Fact Tank Jul. 2, 2014

Most Americans think the U.S. is great, but fewer say it’s the greatest

As Americans prepare to celebrate July 4th, 58% consider the U.S. to be one of the greatest countries in the world, but that number has declined 10 points since 2011.

PP_14.06.18_typeCompare-Promo
U.S. Politics Jun. 26, 2014

Compare Political Typology Groups

The Pew Research Center’s Political Typology looks beyond “Red vs. Blue” in American politics, sorting voters into cohesive groups, based on their attitudes and values – not their partisan labels. Use this tool to compare the groups on key topics, such as the economy and foreign policy.

INT_Quiz-Typology2014
U.S. Politics Jun. 26, 2014

Political Typology Quiz

Are you a Steadfast Conservative? A Solid Liberal? Or somewhere in between? Take our quiz, selecting answers that come closest to your political views. Then find out which one of our Political Typology groups is your best match compared with a national survey of 10,000 U.S. adults conducted by the Pew Research Center.

U.S. Politics Jun. 26, 2014

Beyond Red vs. Blue: The Political Typology

Our latest political typology sorts voters into cohesive groups based on their attitudes and values and provides a field guide for the constantly changing political landscape.

Fact Tank Jun. 26, 2014

Q/A: How Pew Research created the political typology

The goal of the political typology is to sort people into homogeneous groups, based on their political values and attitudes. It’s an effort to categorize people politically to help us better understand the complexities of the current political landscape.

Fact Tank Jun. 17, 2014

Which party is more to blame for political polarization? It depends on the measure

Our report on political polarization in America has renewed debate among journalists and academics over what is called “asymmetrical polarization” – the idea that one party has moved further ideologically than the other. A number of congressional scholars have concluded that the widening partisan gap in Congress is attributable mostly to a rightward shift among […]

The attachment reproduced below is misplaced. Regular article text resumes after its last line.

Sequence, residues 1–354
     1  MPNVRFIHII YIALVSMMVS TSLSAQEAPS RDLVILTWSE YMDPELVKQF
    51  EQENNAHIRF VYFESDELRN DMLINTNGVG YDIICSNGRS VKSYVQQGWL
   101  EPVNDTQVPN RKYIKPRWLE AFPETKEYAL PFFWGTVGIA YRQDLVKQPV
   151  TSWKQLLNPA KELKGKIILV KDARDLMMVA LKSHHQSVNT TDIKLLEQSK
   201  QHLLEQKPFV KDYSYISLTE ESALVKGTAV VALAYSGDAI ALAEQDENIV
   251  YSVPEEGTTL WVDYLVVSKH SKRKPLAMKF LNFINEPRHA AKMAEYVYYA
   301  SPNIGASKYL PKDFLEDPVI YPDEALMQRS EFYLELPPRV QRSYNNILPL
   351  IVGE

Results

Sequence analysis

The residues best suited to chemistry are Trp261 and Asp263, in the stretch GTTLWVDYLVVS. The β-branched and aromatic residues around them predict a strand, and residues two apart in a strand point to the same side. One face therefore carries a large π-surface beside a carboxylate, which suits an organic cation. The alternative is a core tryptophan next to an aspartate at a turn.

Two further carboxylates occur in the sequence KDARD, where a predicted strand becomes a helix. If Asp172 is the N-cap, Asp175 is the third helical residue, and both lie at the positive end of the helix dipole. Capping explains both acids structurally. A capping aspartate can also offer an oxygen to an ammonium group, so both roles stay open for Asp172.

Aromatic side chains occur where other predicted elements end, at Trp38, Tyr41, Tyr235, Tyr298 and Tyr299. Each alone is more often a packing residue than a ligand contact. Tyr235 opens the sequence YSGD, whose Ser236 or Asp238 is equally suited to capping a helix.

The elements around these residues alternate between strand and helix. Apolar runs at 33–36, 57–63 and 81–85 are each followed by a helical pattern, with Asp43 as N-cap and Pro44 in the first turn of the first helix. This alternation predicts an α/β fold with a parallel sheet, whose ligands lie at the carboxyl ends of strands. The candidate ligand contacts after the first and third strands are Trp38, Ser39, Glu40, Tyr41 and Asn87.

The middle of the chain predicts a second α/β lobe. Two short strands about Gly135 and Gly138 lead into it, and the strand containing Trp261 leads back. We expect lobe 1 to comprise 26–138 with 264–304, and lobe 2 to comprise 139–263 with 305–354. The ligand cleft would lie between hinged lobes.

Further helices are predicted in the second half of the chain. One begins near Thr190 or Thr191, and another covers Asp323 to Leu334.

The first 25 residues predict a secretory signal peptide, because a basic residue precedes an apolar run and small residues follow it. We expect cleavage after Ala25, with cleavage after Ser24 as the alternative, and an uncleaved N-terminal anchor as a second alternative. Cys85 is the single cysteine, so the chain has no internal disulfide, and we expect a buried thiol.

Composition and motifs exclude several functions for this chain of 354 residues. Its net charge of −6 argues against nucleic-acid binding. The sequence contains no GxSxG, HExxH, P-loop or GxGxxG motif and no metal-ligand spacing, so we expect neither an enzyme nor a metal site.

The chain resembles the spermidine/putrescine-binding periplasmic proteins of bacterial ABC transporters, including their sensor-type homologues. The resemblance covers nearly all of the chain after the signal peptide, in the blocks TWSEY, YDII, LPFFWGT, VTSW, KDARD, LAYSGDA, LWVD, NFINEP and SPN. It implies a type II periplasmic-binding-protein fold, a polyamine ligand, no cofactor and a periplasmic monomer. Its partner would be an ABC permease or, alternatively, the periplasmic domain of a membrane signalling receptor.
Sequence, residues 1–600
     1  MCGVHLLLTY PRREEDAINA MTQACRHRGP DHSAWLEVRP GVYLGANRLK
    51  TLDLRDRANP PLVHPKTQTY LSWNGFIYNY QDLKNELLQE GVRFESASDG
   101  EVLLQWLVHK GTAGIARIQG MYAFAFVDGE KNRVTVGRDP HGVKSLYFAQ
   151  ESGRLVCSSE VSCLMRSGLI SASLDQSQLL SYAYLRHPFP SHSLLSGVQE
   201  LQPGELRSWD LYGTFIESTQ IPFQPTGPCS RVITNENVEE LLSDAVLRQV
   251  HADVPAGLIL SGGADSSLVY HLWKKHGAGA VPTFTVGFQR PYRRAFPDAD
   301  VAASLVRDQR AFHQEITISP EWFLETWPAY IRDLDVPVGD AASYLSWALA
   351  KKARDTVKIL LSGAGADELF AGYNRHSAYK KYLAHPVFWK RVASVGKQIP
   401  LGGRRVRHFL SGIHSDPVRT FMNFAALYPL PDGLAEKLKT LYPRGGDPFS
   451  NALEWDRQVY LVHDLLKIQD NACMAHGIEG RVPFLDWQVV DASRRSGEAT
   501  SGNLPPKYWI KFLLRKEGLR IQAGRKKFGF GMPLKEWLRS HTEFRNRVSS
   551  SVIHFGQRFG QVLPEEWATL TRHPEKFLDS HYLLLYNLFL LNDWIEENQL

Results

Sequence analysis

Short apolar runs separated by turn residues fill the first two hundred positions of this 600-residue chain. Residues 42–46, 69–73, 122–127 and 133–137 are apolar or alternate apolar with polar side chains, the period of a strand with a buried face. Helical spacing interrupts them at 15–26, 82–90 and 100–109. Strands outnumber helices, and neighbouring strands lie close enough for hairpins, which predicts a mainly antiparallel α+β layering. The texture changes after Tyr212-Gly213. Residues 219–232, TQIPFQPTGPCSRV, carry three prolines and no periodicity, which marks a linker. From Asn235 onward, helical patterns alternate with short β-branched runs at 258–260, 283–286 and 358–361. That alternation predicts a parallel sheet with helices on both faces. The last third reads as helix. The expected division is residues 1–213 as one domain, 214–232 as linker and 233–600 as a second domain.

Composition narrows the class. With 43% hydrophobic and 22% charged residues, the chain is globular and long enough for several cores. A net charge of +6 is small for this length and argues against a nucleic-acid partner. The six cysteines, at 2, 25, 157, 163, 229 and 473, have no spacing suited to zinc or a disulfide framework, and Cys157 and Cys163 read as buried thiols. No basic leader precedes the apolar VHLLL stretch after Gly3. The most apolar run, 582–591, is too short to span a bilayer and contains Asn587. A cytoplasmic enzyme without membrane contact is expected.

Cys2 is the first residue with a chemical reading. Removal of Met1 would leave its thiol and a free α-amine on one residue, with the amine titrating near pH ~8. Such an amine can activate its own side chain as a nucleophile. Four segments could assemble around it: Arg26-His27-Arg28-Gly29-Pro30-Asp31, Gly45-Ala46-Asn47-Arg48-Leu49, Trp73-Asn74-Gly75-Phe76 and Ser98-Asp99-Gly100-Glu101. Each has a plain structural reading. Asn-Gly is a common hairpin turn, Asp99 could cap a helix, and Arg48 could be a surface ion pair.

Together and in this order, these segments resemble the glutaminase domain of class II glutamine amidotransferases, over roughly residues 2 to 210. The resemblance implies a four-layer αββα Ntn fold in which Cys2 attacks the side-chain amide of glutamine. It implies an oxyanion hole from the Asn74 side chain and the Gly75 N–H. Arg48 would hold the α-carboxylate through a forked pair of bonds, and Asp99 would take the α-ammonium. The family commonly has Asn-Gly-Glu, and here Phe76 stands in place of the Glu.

Fact Tank Jun. 13, 2014

How the most ideologically polarized Americans live different lives

For America’s most ardent liberals and conservatives, polarization begins at home. In what may seem like stereotypes come to life, a new Pew Research Center study on political polarization finds that conservatives would rather live in large houses in small towns and rural areas — ideally among people of the same religious faith — while liberals opt […]

Fact Tank Jun. 12, 2014

The polarized Congress of today has its roots in the 1970s

You don’t have to look hard to see evidence of political polarization — just watch cable news, listen to talk radio or follow social-media debates. Indeed, a new Pew Research Center report finds that Americans are more ideologically polarized today than they’ve been in at least two decades. Their representatives in Congress are divided too, and have […]

Fact Tank Jun. 12, 2014

7 things to know about polarization in America

Political polarization is the defining feature of early 21st century American politics, both among the public and elected officials. Our study finds that Republicans and Democrats are further apart than at any point in recent history.

U.S. Politics Jun. 12, 2014

Political Polarization in the American Public

Republicans and Democrats are more divided along ideological lines – and partisan acrimony is deeper and more extensive – than at any point in recent history. And these trends manifest themselves in myriad ways, both in politics and in everyday life.